Lady of Vladimir

Lady of Vladimir

    The miraculous icon of Vladimir is one of Russia's most famous icons and its connection to the Russian people dates back to its beginnings.
    According to one tradition, it is one of the images of the evangelist Luke, who was in Jerusalem until 450. Then it was transferred to Constantinople and Patriarch Luke of Chrysovergi offered it as a gift to the ruler Yuri Vladimirovic Dolgokruki. He placed it on the women's monastery of Visegrad.
    In 1155 Prince Andrei Vogobulski transferred the icon to Vladimir, where he built a magnificent temple dedicated to the Dormition of the Virgin of Vladimir to host this precious and magnificent icon.
    The icon of the Virgin remained in Vladimir for three centuries. Throughout this time, the icon of Virgin Mary has not stopped listening to and helping those who invoke her help. The icon has performed many miracles, including incidents such as remaining untouched by a fire that burned the cathedral, escaped the looting from the Tartars, and accompanied Prince Andrew in the battles he gave to Volga against the Bulgarians and many other more.
    But the picture worked miraculously in other critical moments. For example, when the terrible Timur Lenk attacked Moscow in 1395, prince Basil Dimitrievic and the Metropolitan Cyprian took the icon in safe place, requesting the city to be saved from the attack. The litany lasted 10 days and on 26th of  August 1395, thousands of people welcomed and placed the icon back in the cathedral of the Dormition of the Virgin of Vladimir. At the same time, Timur slept on his tent and saw a terrible dream, where many high priests descended from a great mountain holding gold bars, and above them a woman wrapped in a shield of light. Around her countless angels held burning swords. Suddenly they rushed against him. Waking up terrified, he asked the counsellors what this was about. They told him that she was the protector of the Russians, the Virgin of the Christians. Timur immediately decided to step back and retreat.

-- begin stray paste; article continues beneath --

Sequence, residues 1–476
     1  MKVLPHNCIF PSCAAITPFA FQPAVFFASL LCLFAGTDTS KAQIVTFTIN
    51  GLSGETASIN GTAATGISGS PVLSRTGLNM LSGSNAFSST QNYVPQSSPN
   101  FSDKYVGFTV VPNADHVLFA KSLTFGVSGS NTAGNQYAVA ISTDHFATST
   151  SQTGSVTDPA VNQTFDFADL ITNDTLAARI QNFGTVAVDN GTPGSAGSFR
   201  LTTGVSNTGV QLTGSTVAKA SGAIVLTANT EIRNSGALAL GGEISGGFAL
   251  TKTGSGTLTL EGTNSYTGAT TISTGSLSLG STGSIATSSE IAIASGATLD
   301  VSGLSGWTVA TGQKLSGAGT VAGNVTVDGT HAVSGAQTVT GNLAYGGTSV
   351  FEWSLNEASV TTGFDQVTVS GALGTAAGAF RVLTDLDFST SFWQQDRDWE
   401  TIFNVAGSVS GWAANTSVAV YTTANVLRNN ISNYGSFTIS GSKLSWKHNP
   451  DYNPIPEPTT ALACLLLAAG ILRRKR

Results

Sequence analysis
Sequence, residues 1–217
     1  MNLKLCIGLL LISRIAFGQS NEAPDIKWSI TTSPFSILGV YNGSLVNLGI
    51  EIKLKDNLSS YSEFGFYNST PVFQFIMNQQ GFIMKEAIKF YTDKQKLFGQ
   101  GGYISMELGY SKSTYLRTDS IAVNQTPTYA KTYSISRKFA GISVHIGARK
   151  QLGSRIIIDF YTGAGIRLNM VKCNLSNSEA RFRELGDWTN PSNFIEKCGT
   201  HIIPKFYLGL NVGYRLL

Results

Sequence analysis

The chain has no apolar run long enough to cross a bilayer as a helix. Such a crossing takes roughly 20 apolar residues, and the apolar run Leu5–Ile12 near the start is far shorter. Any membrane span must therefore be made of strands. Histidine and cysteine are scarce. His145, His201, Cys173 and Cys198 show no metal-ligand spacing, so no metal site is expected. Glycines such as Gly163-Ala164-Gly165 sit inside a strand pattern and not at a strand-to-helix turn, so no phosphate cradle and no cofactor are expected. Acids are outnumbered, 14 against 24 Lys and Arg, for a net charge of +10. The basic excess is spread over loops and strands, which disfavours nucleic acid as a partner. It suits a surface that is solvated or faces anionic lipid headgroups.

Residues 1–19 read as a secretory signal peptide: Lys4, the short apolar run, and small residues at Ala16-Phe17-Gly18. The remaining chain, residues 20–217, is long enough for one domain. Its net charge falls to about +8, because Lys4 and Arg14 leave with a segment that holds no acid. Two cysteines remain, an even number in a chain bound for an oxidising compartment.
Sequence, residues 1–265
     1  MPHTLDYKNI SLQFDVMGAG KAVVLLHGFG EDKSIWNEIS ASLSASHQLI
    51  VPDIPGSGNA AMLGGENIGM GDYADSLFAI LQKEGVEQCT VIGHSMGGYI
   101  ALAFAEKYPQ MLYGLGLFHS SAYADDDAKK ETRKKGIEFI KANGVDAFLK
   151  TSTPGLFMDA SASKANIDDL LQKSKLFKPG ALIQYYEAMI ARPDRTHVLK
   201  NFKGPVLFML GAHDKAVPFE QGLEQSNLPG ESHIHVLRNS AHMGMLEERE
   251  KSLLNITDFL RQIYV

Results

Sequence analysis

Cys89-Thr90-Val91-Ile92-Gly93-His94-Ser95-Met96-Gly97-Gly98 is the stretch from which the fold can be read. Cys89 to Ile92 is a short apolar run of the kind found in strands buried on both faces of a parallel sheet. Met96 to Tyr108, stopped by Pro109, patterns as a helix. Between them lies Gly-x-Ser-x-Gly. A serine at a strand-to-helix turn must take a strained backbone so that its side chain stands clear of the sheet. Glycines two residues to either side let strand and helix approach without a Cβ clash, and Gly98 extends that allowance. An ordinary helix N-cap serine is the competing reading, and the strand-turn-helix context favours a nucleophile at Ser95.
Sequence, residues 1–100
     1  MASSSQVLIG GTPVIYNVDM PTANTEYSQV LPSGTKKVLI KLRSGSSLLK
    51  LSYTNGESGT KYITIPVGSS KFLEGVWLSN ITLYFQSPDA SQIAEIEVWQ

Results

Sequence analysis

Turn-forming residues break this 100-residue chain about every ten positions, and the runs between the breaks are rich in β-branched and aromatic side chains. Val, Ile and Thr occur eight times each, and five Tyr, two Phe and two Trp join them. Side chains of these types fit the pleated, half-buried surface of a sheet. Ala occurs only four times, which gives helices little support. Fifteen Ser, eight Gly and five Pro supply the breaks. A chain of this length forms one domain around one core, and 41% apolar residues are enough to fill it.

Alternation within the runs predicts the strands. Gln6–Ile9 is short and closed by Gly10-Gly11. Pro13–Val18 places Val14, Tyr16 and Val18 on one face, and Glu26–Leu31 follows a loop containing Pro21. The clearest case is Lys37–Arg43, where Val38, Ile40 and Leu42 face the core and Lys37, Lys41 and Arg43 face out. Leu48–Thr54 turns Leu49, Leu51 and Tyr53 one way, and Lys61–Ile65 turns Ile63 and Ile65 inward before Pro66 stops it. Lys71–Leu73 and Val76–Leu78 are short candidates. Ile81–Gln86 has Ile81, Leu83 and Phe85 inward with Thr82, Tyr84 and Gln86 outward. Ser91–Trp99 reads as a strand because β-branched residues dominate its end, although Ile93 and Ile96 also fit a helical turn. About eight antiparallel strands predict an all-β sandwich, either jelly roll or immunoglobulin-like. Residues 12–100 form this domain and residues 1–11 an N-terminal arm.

Also, this picture is attributed to the victories of the Russians against the Tatars in the 15th century. In 1480 the picture was finally transferred to Moscow. In 1918 the Soviet government undertook the maintenance of the image, cleaning up the four coats that had been added from above. Thus, its original form appeared again. It then moved to Moscow's History Museum and from there to Tretyakov Gallery, where it is still in a chapel up to today.

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